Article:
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Exscalate Platform

The power of supercomputing

Supercomputers have seen incredible advancement in recent years. Machines thousands of times more powerful than desktop computers are being leveraged to accelerate the drug discovery process. This supercomputing power together with other advanced technologies, such as AI and big data analytics, enables Exscalate to rapidly and effectively address the complexity of a flexible target. Our platform is able to evaluate two trillion molecules at a rate of up to 60 million per second for each new target.
How we do it 

The Exscalate platform is built upon three key building blocks:

Tangible Chemical Space (TCS)

A tangible chemical space (TCS) consisting of the world’s largest virtual ligand library of over 2 trillion organic chemistry molecules. This includes ready to screen annotated libraries, such as safe-in-man drugs (>5K), natural products (>5K), oligopeptides (>5K) as well as ad hoc libraries of allosteric modulators.  The TCS also includes all the information required to easily synthesize each of these molecules in a one-step reaction. With the power of AI, maximum knowledge can be extracted for structure-activity relationships.

Comprehensive Therapeutic Target Database (CTTD)

A comprehensive therapeutic target database (CTTD) combines all known annotated druggable targets with decades of research on protein–ligand and protein–protein interactions. This database leverages advanced annotations of more than 45,000 binding sites (mainly allosteric) of small molecules and peptides generated by the analysis of large-scale molecular dynamics simulations combined with a proprietary tool for the analysis of the targets’ pocketome [ref]. CTTD is enriched with proprietary protein functional annotation.

Ligand Generator (LiGen)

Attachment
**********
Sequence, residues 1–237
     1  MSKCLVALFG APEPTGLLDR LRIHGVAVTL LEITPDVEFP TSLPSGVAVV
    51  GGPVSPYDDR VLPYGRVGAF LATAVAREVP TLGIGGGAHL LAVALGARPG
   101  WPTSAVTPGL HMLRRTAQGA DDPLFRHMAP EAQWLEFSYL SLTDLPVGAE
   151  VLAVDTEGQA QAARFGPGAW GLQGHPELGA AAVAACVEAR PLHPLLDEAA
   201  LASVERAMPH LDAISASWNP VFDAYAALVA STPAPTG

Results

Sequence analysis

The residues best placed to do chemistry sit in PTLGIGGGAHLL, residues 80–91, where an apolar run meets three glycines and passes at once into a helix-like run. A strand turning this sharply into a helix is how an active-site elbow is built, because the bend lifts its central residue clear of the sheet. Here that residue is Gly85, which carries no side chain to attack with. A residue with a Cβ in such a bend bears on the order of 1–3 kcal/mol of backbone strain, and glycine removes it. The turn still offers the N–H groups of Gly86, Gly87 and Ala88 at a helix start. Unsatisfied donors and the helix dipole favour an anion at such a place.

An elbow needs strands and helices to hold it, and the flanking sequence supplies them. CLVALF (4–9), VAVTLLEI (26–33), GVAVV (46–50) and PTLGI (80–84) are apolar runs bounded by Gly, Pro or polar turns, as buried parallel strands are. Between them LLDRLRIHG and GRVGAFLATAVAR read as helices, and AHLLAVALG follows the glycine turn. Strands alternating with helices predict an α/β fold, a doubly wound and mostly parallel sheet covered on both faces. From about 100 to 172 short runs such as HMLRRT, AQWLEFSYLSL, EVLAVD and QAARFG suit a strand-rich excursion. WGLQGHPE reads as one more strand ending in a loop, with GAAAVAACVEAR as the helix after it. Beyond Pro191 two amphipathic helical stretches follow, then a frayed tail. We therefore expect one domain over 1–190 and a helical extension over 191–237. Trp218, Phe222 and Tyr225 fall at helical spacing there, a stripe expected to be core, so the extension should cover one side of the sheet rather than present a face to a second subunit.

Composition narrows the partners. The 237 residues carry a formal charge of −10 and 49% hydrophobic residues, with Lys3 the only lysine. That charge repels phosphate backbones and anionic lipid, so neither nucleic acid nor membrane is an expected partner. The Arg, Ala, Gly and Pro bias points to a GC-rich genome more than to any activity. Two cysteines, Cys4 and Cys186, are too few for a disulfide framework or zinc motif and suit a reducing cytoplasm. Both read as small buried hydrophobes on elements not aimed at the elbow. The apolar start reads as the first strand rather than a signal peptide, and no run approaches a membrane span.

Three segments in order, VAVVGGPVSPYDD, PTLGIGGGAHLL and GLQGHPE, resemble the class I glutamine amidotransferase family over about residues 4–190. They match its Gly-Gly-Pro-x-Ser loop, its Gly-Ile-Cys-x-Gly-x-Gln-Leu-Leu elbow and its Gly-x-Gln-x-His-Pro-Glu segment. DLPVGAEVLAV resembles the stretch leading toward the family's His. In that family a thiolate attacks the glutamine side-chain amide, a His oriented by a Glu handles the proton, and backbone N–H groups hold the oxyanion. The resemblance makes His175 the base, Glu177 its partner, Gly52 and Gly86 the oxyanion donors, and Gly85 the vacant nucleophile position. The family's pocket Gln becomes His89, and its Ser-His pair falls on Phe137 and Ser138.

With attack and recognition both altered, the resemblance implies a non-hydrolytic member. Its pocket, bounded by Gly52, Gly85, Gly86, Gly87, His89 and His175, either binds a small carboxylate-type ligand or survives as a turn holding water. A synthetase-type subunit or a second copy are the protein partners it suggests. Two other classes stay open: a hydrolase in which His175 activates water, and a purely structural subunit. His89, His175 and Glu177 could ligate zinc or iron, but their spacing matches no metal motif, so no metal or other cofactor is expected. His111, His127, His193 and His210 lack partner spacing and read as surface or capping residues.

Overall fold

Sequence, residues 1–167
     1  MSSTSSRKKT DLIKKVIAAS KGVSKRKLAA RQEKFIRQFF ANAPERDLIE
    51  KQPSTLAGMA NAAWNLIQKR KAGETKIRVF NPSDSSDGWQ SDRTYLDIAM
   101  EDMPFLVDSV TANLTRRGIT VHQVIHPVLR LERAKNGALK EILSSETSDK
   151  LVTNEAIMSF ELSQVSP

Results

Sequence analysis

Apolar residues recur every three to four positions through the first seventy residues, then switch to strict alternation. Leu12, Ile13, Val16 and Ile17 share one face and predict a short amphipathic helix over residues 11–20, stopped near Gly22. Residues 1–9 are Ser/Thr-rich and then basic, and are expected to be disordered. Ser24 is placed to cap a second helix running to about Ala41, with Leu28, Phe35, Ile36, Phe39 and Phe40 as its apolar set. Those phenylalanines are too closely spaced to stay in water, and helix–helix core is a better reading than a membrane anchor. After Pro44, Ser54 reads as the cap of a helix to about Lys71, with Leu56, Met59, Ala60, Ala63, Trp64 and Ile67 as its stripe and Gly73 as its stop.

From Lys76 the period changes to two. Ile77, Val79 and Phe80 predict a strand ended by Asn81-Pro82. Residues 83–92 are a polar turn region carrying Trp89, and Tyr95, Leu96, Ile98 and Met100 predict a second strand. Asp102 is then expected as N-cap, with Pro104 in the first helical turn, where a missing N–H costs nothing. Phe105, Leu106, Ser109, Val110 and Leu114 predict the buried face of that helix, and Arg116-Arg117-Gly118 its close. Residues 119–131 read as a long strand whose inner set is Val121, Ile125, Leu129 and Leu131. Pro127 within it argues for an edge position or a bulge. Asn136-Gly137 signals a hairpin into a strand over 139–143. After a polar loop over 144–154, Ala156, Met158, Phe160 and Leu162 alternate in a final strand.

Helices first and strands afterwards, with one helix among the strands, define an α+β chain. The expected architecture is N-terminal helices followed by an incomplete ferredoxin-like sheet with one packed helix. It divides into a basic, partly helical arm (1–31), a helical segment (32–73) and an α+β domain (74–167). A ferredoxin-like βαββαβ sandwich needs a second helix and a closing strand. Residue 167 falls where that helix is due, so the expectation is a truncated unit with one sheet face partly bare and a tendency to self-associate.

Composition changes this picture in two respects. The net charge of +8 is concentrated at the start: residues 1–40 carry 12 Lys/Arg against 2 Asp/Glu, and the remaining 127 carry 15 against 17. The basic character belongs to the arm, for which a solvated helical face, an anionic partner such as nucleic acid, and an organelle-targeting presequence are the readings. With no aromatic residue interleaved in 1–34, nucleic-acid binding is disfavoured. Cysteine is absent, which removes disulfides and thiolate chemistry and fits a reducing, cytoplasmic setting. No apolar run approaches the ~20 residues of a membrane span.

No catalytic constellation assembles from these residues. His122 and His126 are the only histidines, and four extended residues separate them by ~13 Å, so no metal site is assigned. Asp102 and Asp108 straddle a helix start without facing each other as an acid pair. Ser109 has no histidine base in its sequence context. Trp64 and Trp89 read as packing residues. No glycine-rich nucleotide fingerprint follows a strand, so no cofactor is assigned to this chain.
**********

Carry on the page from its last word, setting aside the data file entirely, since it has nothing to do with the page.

LiGen (Ligand Generator) is a powerful in silico simulator that runs on High Performance Computing (HPC) architectures. The binding of 16.5 billion molecules can be virtually tested on a target protein — including many conformations of the same protein — in just one hour. These virtual simulations increase the quality of expected delivery, reduce time and ensure transactional clinical success.


The tool allows prediction of possible toxicity in 8 models related to the main
toxicities with which drugs must be compared: cardio, neuro, hepato. The tool is able to predict more than 600 drug activities and predict associated risk profiles. This tool is critical to remove molecules with other
probabilities of being toxic to humans from the development process and focus
on safe ones right away. 


Our scoring function has a higher accuracy rate:

more accurate than GLIDE
more accurate than PLANTS

When using the PDBind 2020 dataset

CPU Performance

LIGEN is capabile running on both CPU or GPU

On CPU LIGEN perform 30 molecular docking simulations per second
This is 600x faster than the GLIDE (CPU only)
This is 230x faster than the PLANTS (CPU only)
GPU Performance

GPU based on the NVIDIA Ampere architecture

k mol/s
On GPU LIGEN perform 6000 molecular docking simulations per second
This is 120,000 times faster than the GLIDE CPU approach
This is 46,000 faster than the PLANTS CPU approach

GPU Performance stats based on 4x A100 TENSOR CORE infrastructure

We obtained these results thanks to a close collaboration with NVIDIA. Read More

The workflow

The process of using the platform

1) Disease Poly Pharmacology Phase

Utilizing the EXSCALATE Knowledge Graph, we identify the most important targets.

2) Disease Modifying Target phase

Utilizing the information in our vast database (CTTD), we find and further modify the targets by placing them in the context of the pathology.

3) Lead design and Safety Profiling Phase

Once we know the pathology and the characteristics of the possible modulator, we use the TCS tool to define the most suitable chemical space. Thanks to the LIGEN virtual screening platform and PROFHEx liability profiler, we are able to design ligand targeted libraries with the highest in silico safety profile. Available for experimental validation.

4) Experimental Preclinical Validation Phase

The active compounds identified in the previous step are then validated in phenotypic screening and then tested for efficacy in preclinical and translational models.

5) Lead Optimization phase

The validated information generated in the previous phases is used to repeat the process. The simulation is rerun in LiGen and together with the learning capabilities of AI, the platform predicts a new optimized molecule.

6) Preclinical Tox phase

Any optimized molecules that represents the highest level of accuracy of chemistry is progressed to preclinical toxicology studies that analyze the safety effects of the drugs.

7) Investigational new drug (IND) phase

Shown to be safe, the molecule can now progress into clinical development.